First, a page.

Mahler was extraordinarily busy as a rising young conductor and he set aside the new symphony for five years. During the hiatus, in 1891, he played the Todtenfeier movement on the piano for the great conductor Hans von Bülow, who had led the premieres of Wagner’s Tristan und Isolde and Die Meistersinger, and who had become an important supporter of the young composer. But when Mahler looked up from the keyboard, he saw von Bülow covering his ears; afterwards his mentor stated that the work made Tristan sound like a Haydn symphony. The “long interruption” Mahler mentioned to Bauer-Lechner ended in 1893, when Mahler took up the symphony again, composing the second movement, which makes use of the opening dance melody and lush cello theme he had sketched years earlier. He also orchestrated two songs that would become the next two movements in the symphony. Once again, Mahler called upon poetry from the early-19th-century folk collection Des Knaben Wunderhorn (The Youth’s Magic Horn). The composer was obsessed with these poems for more than a decade, and in addition to his many vocal settings with piano or orchestra, he also placed them in his early symphonies. The songs employed in the Second Symphony were originally written for piano and voice, but joined with the Andante to provide a three-movement intermezzo leading to the finale with organ, two vocal soloists, and chorus. The third movement is a purely instrumental version, much expanded, of the ironic song “St. Anthony of Padua’s Sermon to the Fishes.” The fourth movement, “Urlicht,” retains the vocal part, sung by a mezzosoprano. Yet Mahler was baffled about how to end the symphony. The breakthrough came in March 1894 when he attended a memorial service in the same Hamburg church where he would himself be baptized three years later. The occasion—a “Todtenfeier,” in fact—honored von Bülow, who had died in Cairo the previous month. “The way in which I received inspiration for the Finale is deeply indicative of the essence of musical creation,” Mahler would later explain, saying: I had long considered the idea of employing a chorus for the last movement, and only the fear that this might be seen as a superficial imitation of Beethoven made me hesitate time and again. Then von Bülow died, and I went to his funeral. My mood as I sat there thinking of the man who had died was wholly in tune with the work that was growing in my mind. Suddenly the choir chanted from the organ-loft the Klopstock chorale Auferstehn! It was as if I had been struck by lightning—the whole work now stood clearly before me! Such is the flash for which the creator waits, such is sacred inspiration! After that I had to create in sound what I had just experienced. Nonetheless, if I had not already been carrying the work within me, how could I have experienced this moment? Weren’t thousands of other people with me in the church? That’s how it always is with me. I only compose when I truly experience something, and I only experience it when I create! 7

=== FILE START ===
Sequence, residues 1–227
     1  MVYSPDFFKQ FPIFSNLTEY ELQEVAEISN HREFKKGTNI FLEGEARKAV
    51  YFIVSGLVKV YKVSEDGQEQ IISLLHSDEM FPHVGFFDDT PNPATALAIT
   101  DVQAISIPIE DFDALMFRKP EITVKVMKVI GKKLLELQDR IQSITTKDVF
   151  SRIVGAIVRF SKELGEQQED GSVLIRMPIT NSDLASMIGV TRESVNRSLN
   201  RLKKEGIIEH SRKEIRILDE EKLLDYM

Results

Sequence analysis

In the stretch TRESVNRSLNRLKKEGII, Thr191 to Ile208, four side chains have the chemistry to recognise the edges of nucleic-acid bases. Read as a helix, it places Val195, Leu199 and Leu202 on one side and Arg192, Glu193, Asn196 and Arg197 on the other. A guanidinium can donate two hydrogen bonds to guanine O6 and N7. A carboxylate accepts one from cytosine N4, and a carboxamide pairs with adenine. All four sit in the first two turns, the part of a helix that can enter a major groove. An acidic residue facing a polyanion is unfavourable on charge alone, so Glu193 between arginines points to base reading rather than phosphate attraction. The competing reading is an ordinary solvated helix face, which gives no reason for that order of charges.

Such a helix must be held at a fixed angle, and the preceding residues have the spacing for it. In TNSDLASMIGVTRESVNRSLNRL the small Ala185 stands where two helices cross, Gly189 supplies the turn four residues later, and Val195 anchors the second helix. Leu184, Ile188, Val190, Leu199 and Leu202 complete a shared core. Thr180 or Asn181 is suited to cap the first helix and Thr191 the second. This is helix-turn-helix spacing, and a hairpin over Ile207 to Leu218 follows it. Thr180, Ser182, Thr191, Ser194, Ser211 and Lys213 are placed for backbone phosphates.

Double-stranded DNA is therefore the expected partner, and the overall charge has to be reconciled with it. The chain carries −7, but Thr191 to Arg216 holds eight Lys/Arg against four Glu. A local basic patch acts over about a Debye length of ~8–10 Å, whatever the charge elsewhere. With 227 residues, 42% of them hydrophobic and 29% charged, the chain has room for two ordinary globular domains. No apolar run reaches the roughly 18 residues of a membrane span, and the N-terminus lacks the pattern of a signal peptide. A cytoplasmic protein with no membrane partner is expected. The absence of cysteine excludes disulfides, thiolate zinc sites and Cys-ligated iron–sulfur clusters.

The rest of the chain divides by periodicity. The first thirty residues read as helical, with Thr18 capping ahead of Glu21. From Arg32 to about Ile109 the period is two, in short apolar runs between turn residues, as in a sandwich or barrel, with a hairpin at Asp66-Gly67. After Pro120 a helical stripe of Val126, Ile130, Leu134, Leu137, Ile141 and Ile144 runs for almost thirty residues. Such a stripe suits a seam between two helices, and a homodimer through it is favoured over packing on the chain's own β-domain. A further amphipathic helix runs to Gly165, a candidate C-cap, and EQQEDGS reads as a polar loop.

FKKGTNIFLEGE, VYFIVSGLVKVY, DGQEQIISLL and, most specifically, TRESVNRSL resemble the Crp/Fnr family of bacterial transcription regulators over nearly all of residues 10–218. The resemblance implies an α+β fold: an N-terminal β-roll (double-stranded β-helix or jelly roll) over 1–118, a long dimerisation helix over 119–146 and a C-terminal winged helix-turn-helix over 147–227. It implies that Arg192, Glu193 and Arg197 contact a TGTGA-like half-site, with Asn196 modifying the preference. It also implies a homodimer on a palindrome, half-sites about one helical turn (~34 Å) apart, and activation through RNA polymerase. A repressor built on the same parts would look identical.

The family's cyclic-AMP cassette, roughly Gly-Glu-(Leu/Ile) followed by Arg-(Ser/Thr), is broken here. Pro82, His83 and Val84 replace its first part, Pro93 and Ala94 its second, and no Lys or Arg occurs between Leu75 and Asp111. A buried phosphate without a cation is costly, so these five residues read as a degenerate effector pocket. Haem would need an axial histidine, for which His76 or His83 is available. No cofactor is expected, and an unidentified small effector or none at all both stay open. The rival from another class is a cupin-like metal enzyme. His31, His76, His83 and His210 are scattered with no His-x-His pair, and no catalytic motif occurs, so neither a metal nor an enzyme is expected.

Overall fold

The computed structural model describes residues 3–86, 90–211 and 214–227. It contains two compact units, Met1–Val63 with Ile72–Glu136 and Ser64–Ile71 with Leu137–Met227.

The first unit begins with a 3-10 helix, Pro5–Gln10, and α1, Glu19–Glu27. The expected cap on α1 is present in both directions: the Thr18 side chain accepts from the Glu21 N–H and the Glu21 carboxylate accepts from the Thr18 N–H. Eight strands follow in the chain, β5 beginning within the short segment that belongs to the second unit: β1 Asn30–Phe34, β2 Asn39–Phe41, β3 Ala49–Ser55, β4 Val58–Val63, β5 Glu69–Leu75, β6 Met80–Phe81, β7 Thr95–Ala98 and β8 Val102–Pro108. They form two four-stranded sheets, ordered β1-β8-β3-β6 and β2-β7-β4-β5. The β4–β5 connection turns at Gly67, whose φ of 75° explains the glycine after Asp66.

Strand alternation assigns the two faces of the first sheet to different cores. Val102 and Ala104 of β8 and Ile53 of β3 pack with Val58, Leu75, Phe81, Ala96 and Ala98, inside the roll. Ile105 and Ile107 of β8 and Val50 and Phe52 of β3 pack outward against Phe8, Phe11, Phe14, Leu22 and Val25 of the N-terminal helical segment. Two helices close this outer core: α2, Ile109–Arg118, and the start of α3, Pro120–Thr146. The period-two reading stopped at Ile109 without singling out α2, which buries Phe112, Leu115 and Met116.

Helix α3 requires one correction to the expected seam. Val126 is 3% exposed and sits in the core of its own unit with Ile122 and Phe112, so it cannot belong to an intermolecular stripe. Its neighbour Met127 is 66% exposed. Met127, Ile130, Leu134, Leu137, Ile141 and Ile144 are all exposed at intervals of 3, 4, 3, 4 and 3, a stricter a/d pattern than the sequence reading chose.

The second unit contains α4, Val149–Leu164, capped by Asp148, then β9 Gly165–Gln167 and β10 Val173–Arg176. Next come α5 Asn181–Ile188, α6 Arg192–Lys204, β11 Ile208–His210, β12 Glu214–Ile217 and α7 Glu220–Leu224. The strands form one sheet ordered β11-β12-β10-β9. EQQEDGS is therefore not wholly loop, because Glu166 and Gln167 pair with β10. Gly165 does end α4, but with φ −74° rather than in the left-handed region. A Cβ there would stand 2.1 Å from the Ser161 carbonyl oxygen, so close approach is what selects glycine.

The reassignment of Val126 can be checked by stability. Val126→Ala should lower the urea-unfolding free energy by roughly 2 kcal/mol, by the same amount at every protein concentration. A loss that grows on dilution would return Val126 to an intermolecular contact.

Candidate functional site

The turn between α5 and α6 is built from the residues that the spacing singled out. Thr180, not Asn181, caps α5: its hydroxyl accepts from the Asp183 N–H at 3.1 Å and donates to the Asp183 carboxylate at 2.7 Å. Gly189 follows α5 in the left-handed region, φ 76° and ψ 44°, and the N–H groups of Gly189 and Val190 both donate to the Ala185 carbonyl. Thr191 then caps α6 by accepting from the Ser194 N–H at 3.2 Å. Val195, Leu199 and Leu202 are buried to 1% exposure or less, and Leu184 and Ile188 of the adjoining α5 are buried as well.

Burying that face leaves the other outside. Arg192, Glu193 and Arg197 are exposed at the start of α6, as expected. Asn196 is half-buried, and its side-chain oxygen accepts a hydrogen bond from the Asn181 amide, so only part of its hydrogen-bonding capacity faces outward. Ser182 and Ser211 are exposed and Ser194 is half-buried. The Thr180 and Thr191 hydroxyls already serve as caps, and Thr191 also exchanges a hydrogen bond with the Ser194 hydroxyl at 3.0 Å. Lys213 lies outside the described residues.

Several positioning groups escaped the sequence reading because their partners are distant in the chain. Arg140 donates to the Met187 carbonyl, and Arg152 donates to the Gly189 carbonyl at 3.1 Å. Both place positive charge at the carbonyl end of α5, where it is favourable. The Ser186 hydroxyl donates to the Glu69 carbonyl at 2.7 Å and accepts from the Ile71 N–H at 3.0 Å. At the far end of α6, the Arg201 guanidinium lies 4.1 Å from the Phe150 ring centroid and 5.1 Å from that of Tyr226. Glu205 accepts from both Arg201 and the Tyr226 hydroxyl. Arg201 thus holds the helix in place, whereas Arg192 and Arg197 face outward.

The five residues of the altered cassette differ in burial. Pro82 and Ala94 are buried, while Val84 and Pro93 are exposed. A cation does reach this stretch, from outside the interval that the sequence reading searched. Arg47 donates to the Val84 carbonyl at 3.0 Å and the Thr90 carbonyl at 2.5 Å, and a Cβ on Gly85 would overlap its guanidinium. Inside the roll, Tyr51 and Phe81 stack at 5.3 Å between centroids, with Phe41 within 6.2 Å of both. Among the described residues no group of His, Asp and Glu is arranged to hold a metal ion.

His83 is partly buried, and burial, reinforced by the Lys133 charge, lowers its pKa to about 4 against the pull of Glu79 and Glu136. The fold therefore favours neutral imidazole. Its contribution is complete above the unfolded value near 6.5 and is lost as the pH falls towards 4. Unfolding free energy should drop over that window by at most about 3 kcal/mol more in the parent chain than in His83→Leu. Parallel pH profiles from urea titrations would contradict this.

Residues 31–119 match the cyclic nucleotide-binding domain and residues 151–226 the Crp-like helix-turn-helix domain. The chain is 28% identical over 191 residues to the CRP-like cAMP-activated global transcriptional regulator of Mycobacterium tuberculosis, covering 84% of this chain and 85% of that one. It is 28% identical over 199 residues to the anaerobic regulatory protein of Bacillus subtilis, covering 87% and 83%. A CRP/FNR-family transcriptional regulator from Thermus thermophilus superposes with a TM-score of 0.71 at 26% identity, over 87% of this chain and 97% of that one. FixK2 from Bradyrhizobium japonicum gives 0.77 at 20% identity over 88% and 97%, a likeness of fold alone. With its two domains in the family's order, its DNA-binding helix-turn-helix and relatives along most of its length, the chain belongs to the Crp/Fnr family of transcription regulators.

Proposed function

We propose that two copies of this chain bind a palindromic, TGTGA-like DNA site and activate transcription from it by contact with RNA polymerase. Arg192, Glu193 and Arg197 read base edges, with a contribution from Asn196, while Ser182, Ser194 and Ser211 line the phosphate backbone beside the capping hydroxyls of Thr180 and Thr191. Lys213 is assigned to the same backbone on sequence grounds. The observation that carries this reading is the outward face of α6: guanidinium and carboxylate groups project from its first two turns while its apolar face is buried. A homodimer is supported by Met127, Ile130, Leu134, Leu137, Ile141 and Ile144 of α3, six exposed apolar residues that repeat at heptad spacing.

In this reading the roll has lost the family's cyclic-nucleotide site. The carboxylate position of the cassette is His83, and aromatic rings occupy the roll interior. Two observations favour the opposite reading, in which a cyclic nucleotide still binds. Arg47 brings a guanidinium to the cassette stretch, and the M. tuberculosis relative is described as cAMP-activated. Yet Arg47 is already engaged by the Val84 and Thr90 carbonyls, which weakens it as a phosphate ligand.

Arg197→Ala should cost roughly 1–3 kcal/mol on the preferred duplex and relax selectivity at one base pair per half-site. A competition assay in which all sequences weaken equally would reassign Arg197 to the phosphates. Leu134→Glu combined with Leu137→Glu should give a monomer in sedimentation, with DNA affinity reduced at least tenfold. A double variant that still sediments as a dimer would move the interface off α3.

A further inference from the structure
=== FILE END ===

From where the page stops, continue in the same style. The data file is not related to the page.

And so Mahler crafted the finale of the Second Symphony using a poem by the 18thcentury German writer Friedrich Gottlieb Klopstock, which he heavily edited and vastly expanded with his own words. This final movement begins with a cataclysmic dischord, comparable to the famous “terror fanfare” (as Wagner called it) with which Beethoven opened the finale of his Ninth Symphony. And indeed it was Beethoven’s final symphony that served as a model in various other respects. As in the Ninth, Mahler brings back themes from the earlier movements at the opening of the finale, thus lending unity to the disparate work composed over so many years. He worked on this last movement in the summer of 1894 at Steinbach, in Austria’s majestic Salzkammergut region. The symphony was completed in December 1894 and Mahler conducted the first three movements (reversing the order of the second and third) with the Berlin Philharmonic in March 1895. On this occasion the music was received poorly. He presented the premiere of the complete Symphony with the same orchestra in December and although the critical response was not much better, the general audience response was apparently enthusiastic. If the preceding narrative gives something of the story behind the lengthy creation of the symphony, there is also a story, or several of them, within the symphony itself. Mahler vacillated about creating “programs” for his works (usually doing so after they were composed), or divulging them once he had. (“Down with programs!” became his mantra.) As he grew increasingly reluctant to say much of anything about his music, perhaps partly to distance himself from the music of his friend and rival Richard Strauss, he withdrew those he had devised for his first three symphonies. About the Second Mahler gave various accounts, some in private as well as one for public consumption. All sketch a fairly similar scheme for the piece. Not long after finishing the symphony, he wrote to the journalist Max Marschalk that the work grapples with the question: “‘Why did you live? Why did you suffer? Is it all nothing but a huge, frightful joke?’ We must answer these questions in some way, if we want to go on living—indeed, if we are to go on dying! He into whose life this call has once sounded must give an answer; and it is his answer I give in the final movement.” The explanation Mahler gave for public consumption in 1900 was originally intended for a Munich performance but was suppressed in the end. It was printed, however, for a presentation the next year in Dresden. Somewhat less well known than his earlier private accounts, it is excerpted here: First Movement: We are standing near the grave of a beloved man. His whole life, his struggles, his sufferings and accomplishments on earth pass before us. And now, in this solemn and deeply stirring moment, when the confusion and distractions of everyday life are lifted like a hood from our eyes, a voice of aweinspiring solemnity chills our heart, a voice that, blinded by the mirage of everyday life, we usually ignore: “What next?” it says. “What is life and what is death? Will we live on eternally? Is it all an empty dream or do our life and death have a meaning?” And we must answer this question, if we are to go on living. The next three movements are conceived as intermezzi. 8